Sustainable Prosperity
Aligning Spirit and the World of Form

Your Choice-Calm or Stormy Learning

Imagine you don’t know how to swim. You are given the choice of learning in calm water or learning in stormy water. Which would you pick?

This is one of those “duh” questions I ask to get people to focus on life learning—whether in crisis or in calm moments.

The feeling that drowning is imminent creates a chaotic mind. A chaotic mind has a litany of unconscious responses, none of them conducive to learning to swim. In fact, most drownings occur because of panic.

It’s like this in crisis mode, too: You are impaired. Research suggests your normal cognitive capacity is impaired up to 60 percent during crisis. I don’t know about you, but in a crisis, I’d prefer to have 110 percent of my cognitive capacity. Test this for yourself. Reflect on your last crisis. Besides the problem itself, was a major issue your inability to think?

In junior lifeguard classes, we learned that even in the roughest of waters, you can float on your back. Think about how counterintuitive floating on your back appears to a drowning person. On my junior lifeguard testing day, the seas were sufficiently rough to put the theory to the test. Intellectually, I knew I could float. Forcing my body to comply was an entirely different matter.

In crisis moments, you need to develop the spiritual equivalent to floating on your back: accepting what’s happening so you can deal with it.

On the other hand, making the choice to learn when the learning isn’t imperative for survival adds an element of ease and grace to life. It’s kindness and compassion for self put into action.

When is the best time to talk about your wishes should you become ill?

When you are well.

The best time to talk about how you’d like life to look in five years?

When you are happy.

The best time to talk about your marriage/business/partnership?

When there is harmony.

We’re conditioned to do the opposite. We wait to “work” on problems that appear, but never make time to prevent the problems.

While this may be normal, it isn’t natural. Anything that takes us out of harmony with life is unnatural.

The sacred cows and tender spots of our relationships with others are often cited as reasons for not working in calm moments. “They’ll get upset if I talk about ___ ,” the ego warns.

I’m not referring to picking the scab of a healing wound—not that kind of disruptive talking. I’m saying I’ve never, ever witnessed a crisis as the optimal time to have a talk on which any sustainable change can be built.

“How” is ego’s roadblock to most things, including how to work with ease and grace.

Try these maneuvers around the roadblock:

1.    First, affirm your intentions and goals, then state a specific time parameter. Here’s a money example: “Husband, I’d like both of us to be comfortable and knowledgeable about our income and expenses. Can we spend an hour later today discussing our budget?”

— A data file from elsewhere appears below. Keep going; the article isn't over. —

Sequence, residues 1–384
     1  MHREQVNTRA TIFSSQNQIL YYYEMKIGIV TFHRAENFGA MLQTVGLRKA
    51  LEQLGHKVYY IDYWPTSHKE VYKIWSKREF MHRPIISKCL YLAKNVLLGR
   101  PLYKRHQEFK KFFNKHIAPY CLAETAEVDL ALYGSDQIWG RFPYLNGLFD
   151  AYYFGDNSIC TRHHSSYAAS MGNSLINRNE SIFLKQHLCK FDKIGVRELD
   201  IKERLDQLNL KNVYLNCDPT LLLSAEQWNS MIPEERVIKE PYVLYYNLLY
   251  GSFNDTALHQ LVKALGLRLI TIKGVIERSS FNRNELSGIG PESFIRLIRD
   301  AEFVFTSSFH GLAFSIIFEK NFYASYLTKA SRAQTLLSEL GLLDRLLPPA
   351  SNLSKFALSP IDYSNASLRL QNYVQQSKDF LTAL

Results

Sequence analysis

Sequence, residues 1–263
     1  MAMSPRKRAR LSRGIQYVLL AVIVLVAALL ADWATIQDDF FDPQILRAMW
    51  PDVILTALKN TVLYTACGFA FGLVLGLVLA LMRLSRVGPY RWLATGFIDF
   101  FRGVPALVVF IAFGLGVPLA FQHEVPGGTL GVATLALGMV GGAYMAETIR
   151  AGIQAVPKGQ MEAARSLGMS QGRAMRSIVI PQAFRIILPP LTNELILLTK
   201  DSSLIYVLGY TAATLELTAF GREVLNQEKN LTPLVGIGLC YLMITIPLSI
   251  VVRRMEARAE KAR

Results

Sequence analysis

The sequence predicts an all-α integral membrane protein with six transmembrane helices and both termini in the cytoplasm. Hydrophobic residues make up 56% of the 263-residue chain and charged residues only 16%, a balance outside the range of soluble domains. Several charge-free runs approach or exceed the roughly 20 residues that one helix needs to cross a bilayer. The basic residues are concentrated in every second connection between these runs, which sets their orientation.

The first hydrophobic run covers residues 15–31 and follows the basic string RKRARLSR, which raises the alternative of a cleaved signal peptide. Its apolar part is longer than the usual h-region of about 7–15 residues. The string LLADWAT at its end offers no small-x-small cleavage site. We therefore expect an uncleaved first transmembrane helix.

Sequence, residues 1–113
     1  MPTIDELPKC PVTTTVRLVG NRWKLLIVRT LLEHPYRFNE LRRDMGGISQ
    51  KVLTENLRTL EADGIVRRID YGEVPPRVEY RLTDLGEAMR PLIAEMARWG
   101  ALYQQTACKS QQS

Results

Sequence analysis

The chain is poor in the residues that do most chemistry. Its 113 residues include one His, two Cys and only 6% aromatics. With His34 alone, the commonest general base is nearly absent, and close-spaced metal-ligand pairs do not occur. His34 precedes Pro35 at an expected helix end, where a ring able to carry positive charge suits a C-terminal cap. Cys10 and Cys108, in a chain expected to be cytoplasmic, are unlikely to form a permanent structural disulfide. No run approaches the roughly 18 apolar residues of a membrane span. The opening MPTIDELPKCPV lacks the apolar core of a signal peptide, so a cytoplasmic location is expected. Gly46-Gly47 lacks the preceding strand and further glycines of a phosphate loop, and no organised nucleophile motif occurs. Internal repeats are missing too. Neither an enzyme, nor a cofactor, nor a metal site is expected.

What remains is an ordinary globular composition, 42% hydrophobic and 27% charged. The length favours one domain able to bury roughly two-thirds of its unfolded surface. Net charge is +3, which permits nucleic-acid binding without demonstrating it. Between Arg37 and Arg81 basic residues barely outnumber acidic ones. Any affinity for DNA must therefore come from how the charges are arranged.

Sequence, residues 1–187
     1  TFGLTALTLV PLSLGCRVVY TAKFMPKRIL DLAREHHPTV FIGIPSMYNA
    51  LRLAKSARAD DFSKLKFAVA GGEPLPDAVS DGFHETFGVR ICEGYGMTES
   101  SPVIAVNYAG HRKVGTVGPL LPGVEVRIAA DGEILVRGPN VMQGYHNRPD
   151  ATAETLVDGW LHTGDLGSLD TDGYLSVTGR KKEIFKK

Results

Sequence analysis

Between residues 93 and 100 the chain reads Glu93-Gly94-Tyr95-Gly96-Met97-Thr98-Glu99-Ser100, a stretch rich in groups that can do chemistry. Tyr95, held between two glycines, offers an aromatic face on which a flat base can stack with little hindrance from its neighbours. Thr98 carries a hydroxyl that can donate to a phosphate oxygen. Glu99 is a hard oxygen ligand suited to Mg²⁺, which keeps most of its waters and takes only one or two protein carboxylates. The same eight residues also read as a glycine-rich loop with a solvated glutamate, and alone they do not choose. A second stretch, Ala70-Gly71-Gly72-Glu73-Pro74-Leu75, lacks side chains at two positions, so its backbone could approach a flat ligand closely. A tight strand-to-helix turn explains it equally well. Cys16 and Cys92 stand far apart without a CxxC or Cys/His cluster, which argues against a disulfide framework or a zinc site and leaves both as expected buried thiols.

2.    Set ground rules you both agree to. Suggestions:

  • Ask open, curious questions (not pointed, accusing, putting-words-in-another’s mouth questions).
  • Take a breath when you stray from the intention.
  • Disagree kindly.
  • Table what seems “hard” to agree to. (You’ll come back to it later.)
  • Focus on areas of agreement.

3.    If you encounter a terse response, reaffirm your intentions and ask if your partner has difficulty with the intentions. Ask for feedback about your intentions.

4.    Be persistent and consistent. If your partner hears, “You don’t make enough money to suit me,” or, “I hate how you spend money,” in your request for budget discussions—and that’s not what you are saying—don’t let that get in the way. Acknowledge that your partner isn’t hearing what you’re saying and reaffirm your intention. “I want both of us to feel good about this budget discussion. Can you give it a chance and see how it goes?”

5.    Praise, praise, praise. Acknowledge how good it feels to make a start on a budget discussion, how good it feels to work as a team.

6.    What’s next? Agree what the next step is and, again, set a time parameter. (Hint: More than 1.5 hours on any subject is counterproductive.)

Whatever you want to achieve in life, you can use the calm moments to grow with ease and grace. Letting days slip by without allocating time for moments of calm is a choice. Learning during times of crisis is a choice, too, and while it might be your default setting, you can change it.

Take a moment to write down two things you’d like to learn in the calm. Carry them around with you for a day. Then knock on doors, and keep knocking until you’ve learned what you set out to learn.


Comments are closed.